10 Super Useful Tricks To Make Your Laptop Run Faster

10 Super Useful Tricks To Make Your Laptop Run Faster

I think we’ve all dealt with the case of an unyielding and slow laptop. And, there is no way out of this, other than taking care of it and maintaining it like you would your phone, car, or any other gadget for that matter.

This is why we’ve got a couple of pointers for you on how you can take care of your laptop to make it run much faster and smoother.

1. Get rid of ‘bloatware’

Bloatware is basically preloaded software that comes with the computer. So you know when we buy new laptops and there are a ton of applications on it that aren’t of use to you? Those. So, it’s best you delete such software to free up space that can be used for other more useful things.

How to Remove Bloatware

Bloatware is a type of software that comes preinstalled on a computer, smartphone, or tablet. It takes up space, reduces battery life, and cripples performance. Annoying at best, harmful at worst, bloatware is rarely useful and serves primarily as a revenue stream for manufacturers and distributors.

Bloatware is generally classified into one of the following four categories:

  • Trialware: Trialware refers to initially free, time-limited software that comes preinstalled on a device. Once the trial expires, the software stays on the device clogging up space and potentially causing security vulnerabilities.
  • Utility apps: Also called junkware, utility apps are a type of preinstalled bloatware intended to serve a purpose or solve a problem. It’s often the way manufacturers try to nudge you to use their particular version of a product. Think weather apps, calendar apps, and system cleanups.
  • Toolbars: Toolbars are those annoying browser menus that are tricky to get rid of. Often clunky, and packed with random websites, preinstalled toolbars are never as good as their customized counterparts that base their menu items on your browsing habits. And toolbars will often hijack your browser, like the notorious Ask toolbar.
  • Adware: Adware is pop-up advertising that floods you with spam messages while you browse the internet. Because adware is installed directly on the operating system, the ads follow you around from browser to browser, even after you clear your cookies. Generally not preinstalled by manufacturers (except when it is), adware chokes performance, is extremely annoying and can leave you vulnerable to security risks.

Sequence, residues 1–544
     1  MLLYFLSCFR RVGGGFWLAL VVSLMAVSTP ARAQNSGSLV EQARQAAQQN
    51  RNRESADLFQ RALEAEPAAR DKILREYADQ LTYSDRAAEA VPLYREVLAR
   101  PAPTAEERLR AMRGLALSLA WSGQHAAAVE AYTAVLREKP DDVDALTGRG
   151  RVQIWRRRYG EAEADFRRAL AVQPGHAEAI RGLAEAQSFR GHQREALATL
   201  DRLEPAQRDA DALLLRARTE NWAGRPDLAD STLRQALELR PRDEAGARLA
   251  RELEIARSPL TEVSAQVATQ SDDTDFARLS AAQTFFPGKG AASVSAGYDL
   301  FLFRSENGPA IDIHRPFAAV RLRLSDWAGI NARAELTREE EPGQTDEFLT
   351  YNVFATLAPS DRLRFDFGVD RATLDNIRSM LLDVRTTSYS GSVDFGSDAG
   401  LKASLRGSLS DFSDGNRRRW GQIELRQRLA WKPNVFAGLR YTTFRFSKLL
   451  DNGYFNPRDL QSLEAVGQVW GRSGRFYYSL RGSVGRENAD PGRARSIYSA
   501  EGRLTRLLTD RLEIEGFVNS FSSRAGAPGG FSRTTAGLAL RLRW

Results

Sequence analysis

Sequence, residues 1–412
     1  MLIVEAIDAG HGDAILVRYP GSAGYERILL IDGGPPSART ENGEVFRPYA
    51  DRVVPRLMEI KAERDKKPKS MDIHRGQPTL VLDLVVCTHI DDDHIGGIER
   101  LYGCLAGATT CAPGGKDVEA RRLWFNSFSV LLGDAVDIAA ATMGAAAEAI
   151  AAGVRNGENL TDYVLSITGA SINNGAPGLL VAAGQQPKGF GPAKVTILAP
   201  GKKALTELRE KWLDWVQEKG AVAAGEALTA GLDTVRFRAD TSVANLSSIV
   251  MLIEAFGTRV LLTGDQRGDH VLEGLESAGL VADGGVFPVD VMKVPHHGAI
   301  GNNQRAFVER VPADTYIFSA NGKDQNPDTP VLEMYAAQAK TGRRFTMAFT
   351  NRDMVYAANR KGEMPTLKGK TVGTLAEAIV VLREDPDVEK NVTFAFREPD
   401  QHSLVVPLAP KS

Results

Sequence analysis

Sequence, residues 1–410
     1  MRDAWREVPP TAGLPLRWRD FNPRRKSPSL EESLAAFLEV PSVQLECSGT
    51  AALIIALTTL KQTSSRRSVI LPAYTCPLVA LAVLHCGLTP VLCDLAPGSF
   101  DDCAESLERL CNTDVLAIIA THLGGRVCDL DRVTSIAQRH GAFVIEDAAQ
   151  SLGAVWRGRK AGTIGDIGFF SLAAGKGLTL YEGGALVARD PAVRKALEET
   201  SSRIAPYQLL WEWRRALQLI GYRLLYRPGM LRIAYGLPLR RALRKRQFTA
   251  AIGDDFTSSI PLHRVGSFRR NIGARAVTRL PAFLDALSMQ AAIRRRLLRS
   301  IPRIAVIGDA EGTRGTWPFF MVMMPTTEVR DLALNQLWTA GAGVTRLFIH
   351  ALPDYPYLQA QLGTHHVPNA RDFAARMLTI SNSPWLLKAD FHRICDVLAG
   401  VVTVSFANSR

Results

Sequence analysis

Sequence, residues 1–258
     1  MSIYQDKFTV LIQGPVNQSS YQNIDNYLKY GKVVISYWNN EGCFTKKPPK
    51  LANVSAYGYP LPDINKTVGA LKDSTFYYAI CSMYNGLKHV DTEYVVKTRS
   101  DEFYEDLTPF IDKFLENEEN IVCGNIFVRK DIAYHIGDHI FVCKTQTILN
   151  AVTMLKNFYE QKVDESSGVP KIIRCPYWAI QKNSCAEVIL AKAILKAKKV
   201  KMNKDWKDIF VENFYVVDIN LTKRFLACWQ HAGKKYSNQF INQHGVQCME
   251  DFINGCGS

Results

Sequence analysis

Bloatware slows down your device by silently running in the background. Even “well-intended” bloatware gums up your operating system because it needs computing power to work. If you don’t use it, you’ll want to lose it with a dedicated bloatware removal tool that speeds up, cleans up, and revives your device, leaving it bloatware-free.

The best way to get rid of bloatware is to use a dedicated bloatware removal tool. That’s the smartest way to ensure you clean up the junk and keep your system architecture secure.

There are multiple ways to clean up an iPhone, Laptop and get an Android working like new. But with a trusted cleaning product like Avast Cleanup, removing bloatware is a breeze.

See which programs are running in the background and remove them for good. The built-in, crowdsourced review system helps you know which apps are actually useful and which aren’t. Then you can decide if you want to offload the bloatware or if it’s something you’d rather keep.

Not only does Avast Cleanup remove bloatware, it also identifies ways to improve your machine’s performance, while letting you easily wipe away browser data, optimize disk space, and identify outdated programs.

Avast Cleanup is your one-stop automated shop for cleaning up your device safely and securely, without risking unintended fractures in system architecture. Try it for free today and get that bloat off your device.

How to uninstall bloatware on Windows 10